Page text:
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Friday, February 19, 2016

Dapple-dawn-drawn Falcon


This amazing "video selfie" of a gyrfalcon in Churchill, Manitoba, has received a lot of attention since it was posted by explore.org a few days ago: https://youtu.be/IfV8Vi2o_W0 


Of course my burning question was...

How the heck is "gyrfalcon" pronounced, anyway? And where does this name for the largest member of the falcon family come from?

First, the pronunciation.

"Falcon" itself is not simple. When we researched the Canadian Oxford Dictionary, we discovered that most Canadians pronounce the first syllable exactly the same way as they pronounce "fall" (rhymes with "doll"). Some Canadians pronounce it "fal" (rhymes with "gal"). 

This preference for "rhymes-with-doll" seems to be uniquely Canadian. Here are the pronunciation preferences in some other parts of the English-speaking world:
US:
1) "fal"
2) "rhymes-with-doll"

Australia and New Zealand:
1) "forl"-without-the-"r"
2) "fal"

UK:
1) "forl"-without-the-"r"
2) "rhymes-with-doll"
But there is yet another British pronunciation, with no "l" in it, rather like "forken"-without-the-"r".

Why does this British pronunciation without the "l" exist? Back in the Middle Ages when we got the word from French, it was "faucon" (as it is to this day in French). The origin of this French word was the late Latin falcōn-em, falco, commonly believed to be from falc-, falx (sickle), the name being due to the resemblance of the hooked talons to a reaping hook. But since "l"'s after a vowel tend to get swallowed up and pronounced as a vowel themselves before disappearing entirely (the same thing happened in words like "almond", "calm" and "psalm"), Latin falcōn became French faucon.

But, as we have seen with many other English words, come the Renaissance we refashioned the word to reflect its Latin origins, reinserting the "l" in the spelling even while we still did not pronounce it. By the 19th century, under the influence of literacy, people started to pronounce the "l", but for some it is still silent (exactly as in "almond" and "calm"). 

This history explains why the name of the novelist William Faulkner (whose medieval ancestor would have been the important employee in charge of a noble's hunting hawks) is pronounced "FAWKNER" rather than "FAWLKNER".

How do YOU pronounce "falcon"?

Compared to "falcon", "gyr" is a walk in the park: it is pronounced "jurr" (though really I would never have intuitively guessed that from the spelling).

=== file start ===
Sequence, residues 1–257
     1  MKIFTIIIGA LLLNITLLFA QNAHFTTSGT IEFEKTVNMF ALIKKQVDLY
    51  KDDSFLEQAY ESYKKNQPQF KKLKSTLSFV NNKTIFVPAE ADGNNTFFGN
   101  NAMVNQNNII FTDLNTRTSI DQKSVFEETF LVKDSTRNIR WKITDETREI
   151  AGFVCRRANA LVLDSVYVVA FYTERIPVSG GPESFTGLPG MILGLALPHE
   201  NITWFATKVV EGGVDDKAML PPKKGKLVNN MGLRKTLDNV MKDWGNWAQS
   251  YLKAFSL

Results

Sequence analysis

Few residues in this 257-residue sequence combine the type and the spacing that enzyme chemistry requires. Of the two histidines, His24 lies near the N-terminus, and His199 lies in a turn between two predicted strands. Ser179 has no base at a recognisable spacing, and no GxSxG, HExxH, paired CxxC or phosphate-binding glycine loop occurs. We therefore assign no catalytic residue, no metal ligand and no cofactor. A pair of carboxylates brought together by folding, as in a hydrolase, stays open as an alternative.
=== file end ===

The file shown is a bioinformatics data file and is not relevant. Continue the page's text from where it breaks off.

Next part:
But where does "gyr" come from?

The ultimate source is the Old High German gîr (vulture) derived from a root *gῑr meaning "greedy". But medieval scholars suggested that it was instead derived from the Latin gȳrāre (circle, gyrate), and refers to the ‘circling’ movements of the bird in the air. Since we had a fondness for classical etymologies even when they were wrong, we ended up reflecting this in the spelling (originally we had spelled it "gerfalcon"). See my post about ptarmigan for another example of this phenomenon.

For the interesting story of another member of the same family, the peregrine falcon, click here.

And here's a piece of ornithological trivia for you: female falcons are larger than male falcons. 

With all this talk of falcons, why not contemplate this beautiful poem by Gerard Manley Hopkins, which gave me the title for this post. It's inspired by a smaller falcon, the windhover or kestrel, but what the heck.

The Windhover
To Christ our Lord

I CAUGHT this morning morning’s minion, king-
  dom of daylight’s dauphin, dapple-dawn-drawn Falcon, in his riding
  Of the rolling level underneath him steady air, and striding
High there, how he rung upon the rein of a wimpling wing
In his ecstasy! then off, off forth on swing,        5
  As a skate’s heel sweeps smooth on a bow-bend: the hurl and gliding
  Rebuffed the big wind. My heart in hiding
Stirred for a bird,—the achieve of; the mastery of the thing!
Brute beauty and valour and act, oh, air, pride, plume, here
  Buckle! AND the fire that breaks from thee then, a billion        10
Times told lovelier, more dangerous, O my chevalier!
  No wonder of it: shéer plód makes plough down sillion
Shine, and blue-bleak embers, ah my dear,
  Fall, gall themselves, and gash gold-vermillion.

REMINDER: March 16 "Tea and Wordlady": Bachelor for Rent: Things You Never Suspected About Canadian English. BOOKING UP FAST! More info here: http://katherinebarber.blogspot.ca/2016/02/tea-and-wordlady-wednesday-16-march.html


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Canada's Word Lady, Katherine Barber is an expert on the English language and a frequent guest on radio and television. She was Editor-in-Chief of the Canadian Oxford Dictionary. Her witty and informative talks on the stories behind our words are very popular. Contact her at wordlady.barber@gmail.com to book her for speaking engagements; she can tailor her talks to almost any subject. She is also available as an expert witness for lawsuits.